This can significantly impact the financial gains from the project, making it important to carefully consider the implications of such clauses before proceeding. My advice is to reject such clauses if at all possible. If you are firm with this, most sellers will back down.
Existing consent still allows for creative freedom
Even for plots or buildings with existing planning consent, it’s essential to remember that you’re not bound to build precisely what the permission dictates. The existing consent can mean you have the principle of constructing a residential dwelling on the site, which is often the most difficult obstacle already overcome.
This scenario might not yield as significant financial rewards as when starting from scratch on unconsented land, but it provides you with the flexibility to create the home of your dreams with fewer risks and it generally will take a bit less time, too.
It's a quest for value and creativity
While some individuals opt for the convenience of acquiring land or properties with existing planning consent, many others seek a more value-driven approach. Finding unconsented land and securing planning permission yourself has become an attractive proposition, enabling people to create their dream homes and benefit from the increase in property value that planning consent provides.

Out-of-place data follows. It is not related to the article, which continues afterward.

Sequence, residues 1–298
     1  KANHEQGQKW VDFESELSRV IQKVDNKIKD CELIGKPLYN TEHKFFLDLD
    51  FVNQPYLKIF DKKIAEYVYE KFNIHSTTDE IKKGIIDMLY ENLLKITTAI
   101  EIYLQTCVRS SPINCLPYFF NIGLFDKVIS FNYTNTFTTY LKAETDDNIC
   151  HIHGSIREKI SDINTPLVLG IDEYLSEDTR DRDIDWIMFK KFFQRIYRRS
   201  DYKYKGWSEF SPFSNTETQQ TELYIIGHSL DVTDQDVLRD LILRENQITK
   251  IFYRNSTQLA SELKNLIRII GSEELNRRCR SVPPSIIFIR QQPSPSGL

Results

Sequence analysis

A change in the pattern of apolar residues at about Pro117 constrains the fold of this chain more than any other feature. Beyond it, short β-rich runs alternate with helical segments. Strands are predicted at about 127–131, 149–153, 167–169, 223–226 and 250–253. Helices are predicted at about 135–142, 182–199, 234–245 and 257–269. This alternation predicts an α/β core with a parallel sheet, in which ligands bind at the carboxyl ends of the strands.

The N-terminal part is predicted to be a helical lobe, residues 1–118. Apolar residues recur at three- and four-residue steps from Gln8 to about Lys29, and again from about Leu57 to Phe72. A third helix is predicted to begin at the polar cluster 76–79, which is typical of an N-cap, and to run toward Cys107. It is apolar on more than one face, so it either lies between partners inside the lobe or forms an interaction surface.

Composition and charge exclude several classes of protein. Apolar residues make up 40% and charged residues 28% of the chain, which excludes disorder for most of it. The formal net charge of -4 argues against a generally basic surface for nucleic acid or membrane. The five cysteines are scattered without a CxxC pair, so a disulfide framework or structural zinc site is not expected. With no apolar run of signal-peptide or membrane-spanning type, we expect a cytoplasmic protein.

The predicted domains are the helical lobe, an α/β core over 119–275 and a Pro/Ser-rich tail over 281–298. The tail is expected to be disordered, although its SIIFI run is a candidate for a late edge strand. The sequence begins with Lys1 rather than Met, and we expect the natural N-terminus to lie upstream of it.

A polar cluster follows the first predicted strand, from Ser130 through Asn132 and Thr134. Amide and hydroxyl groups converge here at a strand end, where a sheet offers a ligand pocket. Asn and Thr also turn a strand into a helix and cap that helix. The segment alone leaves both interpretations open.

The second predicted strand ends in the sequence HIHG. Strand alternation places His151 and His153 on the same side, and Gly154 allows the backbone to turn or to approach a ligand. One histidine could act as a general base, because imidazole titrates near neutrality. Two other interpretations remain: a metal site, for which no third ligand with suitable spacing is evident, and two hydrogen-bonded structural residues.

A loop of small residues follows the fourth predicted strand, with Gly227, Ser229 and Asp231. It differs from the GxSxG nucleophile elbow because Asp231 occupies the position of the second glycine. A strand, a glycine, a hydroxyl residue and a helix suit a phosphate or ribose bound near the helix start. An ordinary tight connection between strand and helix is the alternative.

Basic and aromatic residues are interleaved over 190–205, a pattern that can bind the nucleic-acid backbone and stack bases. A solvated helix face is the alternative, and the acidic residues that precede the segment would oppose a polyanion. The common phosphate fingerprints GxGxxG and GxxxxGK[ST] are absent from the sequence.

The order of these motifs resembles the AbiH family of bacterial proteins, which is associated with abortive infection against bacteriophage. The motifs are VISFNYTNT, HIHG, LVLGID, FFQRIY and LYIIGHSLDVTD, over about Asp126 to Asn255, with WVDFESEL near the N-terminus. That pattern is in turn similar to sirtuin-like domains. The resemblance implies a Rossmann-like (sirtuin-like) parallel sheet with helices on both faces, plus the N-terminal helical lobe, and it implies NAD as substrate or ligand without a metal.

Whether you embark on this journey with a pristine canvas or breathe new life into existing permissions, the quest for value and creativity remains at the heart of the endeavour.
As a planning consultant, I absolutely love delving into the intricacies of this transformation, helping people to unlock their dreams and embrace a new chapter of their lives. I’ve got consent for lots and lots of people for sites where there wasn’t previously any consent, so the answer to the question 'is it a good idea' is absolutely yes. It can be a good idea, and for many people it’s the best thing they’ve done.
Simon worked as a planning officer and later an elected councillor for local government in the 1990s, beforing setting up Planix.UK Planning Consultants Ltd. He is a regular contributor to Homebuilding & Renovating
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Simon Rix is a professional planning consultant, who began his career working in local government in the 1990s. He was a council officer and later an elected councillor, so he knows how the planning system works from both sides. He went on to set up Planix.UK Planning Consultants Ltd; a consultancy company that advises self builders, home extenders and those taking on small to medium-sized building projects on planning permission.